KEIR RADNEDGE REPORTS: “Ricardo Terra Teixeira sends his regrets but the former president of the Brazilian football confederation, former executive committee grandee of FIFA, former son-in-law of Joao Havelange, former business partner of now-Barcelona president Sandro Rosell, will be prevented by ill health from accepting your kind invitation. . .”

Or, at least, words to that effect.

Teixeira, devourer of ISL bribes, has been summonsed at answer to a Brazilian parliamentary inquiry into the strange case of the national team’s vanishing friendly match cash.

Now esconced in self-imposed exile in Miami, Teixeira was not alone in receiving such a summons to appear.

A commission of congress, the lower house, opened a public hearing in response to a state report that a third of the match fees were not deposited with the CBF but spirited to accounts in tax havens.

The report stated that one slice of the monies was transferred to Uptrend, a New Jersey-based shell company whose owners had included Teixeira and Rosell. Other monies went to deposit accounts in the Cayman Islands and Andorra.

Business links

Early this week a group of Barcelona members sought to launch, in vain, a vote of no confidence in Rosell’s stewardship of the club. One of their complaints concerned his business links with the disgraced Teixeira.

The hearing is being led by congressman Arnaldo Jordy who has issued further appearance invitations to the CBF, federal prosecutors, the AND Bank of Andorra, the United States Internal Revenue Services and two investigative journalists.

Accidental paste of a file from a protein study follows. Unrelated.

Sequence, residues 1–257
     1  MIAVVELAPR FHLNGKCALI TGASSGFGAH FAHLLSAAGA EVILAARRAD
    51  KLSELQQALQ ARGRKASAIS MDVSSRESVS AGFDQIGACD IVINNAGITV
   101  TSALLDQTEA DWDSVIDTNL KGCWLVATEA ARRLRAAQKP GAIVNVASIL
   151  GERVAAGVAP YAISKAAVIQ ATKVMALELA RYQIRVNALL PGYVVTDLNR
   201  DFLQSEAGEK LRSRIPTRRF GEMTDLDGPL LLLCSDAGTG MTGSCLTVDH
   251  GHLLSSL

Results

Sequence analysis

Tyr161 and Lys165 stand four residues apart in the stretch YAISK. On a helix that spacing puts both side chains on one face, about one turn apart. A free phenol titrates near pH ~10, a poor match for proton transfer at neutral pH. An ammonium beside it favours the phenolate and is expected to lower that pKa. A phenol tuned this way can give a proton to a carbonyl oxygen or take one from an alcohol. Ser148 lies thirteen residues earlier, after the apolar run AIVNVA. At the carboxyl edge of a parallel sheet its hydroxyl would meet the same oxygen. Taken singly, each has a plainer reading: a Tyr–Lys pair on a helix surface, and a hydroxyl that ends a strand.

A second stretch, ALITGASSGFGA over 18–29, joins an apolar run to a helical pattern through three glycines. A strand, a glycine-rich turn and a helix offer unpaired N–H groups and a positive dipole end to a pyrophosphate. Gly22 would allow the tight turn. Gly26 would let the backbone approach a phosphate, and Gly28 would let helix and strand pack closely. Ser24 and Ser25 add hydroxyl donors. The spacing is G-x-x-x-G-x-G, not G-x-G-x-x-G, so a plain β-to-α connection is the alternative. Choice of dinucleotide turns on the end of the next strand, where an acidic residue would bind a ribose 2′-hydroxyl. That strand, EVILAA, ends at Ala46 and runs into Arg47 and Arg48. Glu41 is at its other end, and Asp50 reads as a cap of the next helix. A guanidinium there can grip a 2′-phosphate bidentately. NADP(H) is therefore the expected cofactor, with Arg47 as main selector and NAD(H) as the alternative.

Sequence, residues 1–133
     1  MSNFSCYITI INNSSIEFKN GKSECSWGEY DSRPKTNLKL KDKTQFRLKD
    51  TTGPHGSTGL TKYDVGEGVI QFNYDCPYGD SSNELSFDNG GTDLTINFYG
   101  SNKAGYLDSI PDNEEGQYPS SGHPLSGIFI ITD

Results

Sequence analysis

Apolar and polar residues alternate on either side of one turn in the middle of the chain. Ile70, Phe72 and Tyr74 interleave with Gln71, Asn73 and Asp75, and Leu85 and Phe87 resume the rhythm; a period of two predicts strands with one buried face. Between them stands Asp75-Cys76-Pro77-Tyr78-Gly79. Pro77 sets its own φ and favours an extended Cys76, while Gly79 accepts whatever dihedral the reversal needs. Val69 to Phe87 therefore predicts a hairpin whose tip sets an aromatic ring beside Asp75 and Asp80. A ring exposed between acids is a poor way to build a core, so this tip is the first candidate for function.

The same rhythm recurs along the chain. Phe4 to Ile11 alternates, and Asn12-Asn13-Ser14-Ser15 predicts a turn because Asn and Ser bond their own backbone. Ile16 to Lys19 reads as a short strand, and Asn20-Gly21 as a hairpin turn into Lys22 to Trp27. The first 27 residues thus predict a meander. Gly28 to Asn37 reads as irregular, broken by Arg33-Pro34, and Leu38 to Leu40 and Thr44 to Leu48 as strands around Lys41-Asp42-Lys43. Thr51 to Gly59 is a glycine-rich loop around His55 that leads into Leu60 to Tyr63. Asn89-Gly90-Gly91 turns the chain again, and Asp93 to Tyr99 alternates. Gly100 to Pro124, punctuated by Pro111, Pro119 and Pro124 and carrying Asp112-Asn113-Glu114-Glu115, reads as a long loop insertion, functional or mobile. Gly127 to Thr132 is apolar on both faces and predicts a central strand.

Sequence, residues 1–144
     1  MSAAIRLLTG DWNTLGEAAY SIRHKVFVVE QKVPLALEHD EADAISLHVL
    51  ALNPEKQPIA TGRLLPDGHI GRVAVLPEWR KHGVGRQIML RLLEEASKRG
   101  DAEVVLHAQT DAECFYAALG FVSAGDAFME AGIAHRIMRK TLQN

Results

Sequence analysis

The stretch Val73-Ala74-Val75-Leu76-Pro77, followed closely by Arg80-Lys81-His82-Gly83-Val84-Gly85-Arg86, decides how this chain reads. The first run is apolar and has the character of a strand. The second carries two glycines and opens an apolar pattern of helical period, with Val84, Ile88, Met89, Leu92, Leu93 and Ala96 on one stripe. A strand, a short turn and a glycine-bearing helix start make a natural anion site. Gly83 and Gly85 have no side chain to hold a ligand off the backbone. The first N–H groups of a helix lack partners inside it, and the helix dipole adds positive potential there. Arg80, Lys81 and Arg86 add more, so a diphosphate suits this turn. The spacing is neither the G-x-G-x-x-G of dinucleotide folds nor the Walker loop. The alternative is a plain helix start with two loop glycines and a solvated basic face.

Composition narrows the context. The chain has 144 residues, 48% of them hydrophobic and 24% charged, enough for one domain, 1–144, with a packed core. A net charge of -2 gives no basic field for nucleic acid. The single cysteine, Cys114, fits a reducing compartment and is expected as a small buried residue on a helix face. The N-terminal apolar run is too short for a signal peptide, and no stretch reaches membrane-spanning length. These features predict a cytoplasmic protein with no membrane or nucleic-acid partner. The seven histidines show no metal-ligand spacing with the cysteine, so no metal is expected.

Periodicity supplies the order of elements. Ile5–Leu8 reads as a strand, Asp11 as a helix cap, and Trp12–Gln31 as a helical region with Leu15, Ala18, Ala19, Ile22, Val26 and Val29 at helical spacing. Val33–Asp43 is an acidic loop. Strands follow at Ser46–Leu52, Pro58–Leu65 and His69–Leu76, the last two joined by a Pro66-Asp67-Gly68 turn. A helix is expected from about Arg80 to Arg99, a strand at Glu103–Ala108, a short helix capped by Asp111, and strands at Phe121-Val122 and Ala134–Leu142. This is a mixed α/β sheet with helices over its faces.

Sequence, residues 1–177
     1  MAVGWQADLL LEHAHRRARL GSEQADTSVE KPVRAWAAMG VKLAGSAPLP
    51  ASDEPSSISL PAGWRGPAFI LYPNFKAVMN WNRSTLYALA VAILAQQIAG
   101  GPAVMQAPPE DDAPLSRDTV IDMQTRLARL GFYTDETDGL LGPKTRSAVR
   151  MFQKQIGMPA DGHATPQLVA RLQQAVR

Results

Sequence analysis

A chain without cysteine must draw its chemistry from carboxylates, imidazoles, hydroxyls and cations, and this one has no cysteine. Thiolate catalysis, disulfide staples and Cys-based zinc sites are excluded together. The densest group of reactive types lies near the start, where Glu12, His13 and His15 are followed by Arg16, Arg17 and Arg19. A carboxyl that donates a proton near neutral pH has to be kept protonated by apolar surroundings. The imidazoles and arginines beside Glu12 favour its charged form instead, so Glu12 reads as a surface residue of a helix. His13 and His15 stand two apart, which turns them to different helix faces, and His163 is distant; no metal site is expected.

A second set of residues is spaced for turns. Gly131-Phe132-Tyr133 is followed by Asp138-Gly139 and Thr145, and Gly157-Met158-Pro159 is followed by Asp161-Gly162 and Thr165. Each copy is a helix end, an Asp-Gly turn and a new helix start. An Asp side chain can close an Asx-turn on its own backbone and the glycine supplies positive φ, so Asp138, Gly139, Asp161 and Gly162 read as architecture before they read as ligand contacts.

Jordy’s inquiry reasoning states:

“New allegations by Estado of São Paulo reveal a money laundering scheme concerning revenue from games and sponsorship of the Brazilian national football team, in which one third of the shares of the 24 games since November 2006 was directed to Uptrend for Development, a company based in the United States and led by the current Barcelona president Sandro Rosell.

“Sandro Rosell is a personal friend of the former president of the CBF, Ricardo Teixeira, who at the time headed the organization that organises the sport in the country.


“It is also disturbing, after so many scandals in which a leading role has been exercised invariably by unscrupulous leaders, that the business and Selecao of the CBF remain under suspicion.

“The country is investing heavily in hosting a World Cup which should help to improve and not harm the national image and thus for the country’s passion for football to be compromised by corruption cannot be tolerated.

“The least that can be expected, on the eve of the event being hosted by Brazil, is that the complaint is dealt with expeditiously and with transparency.”

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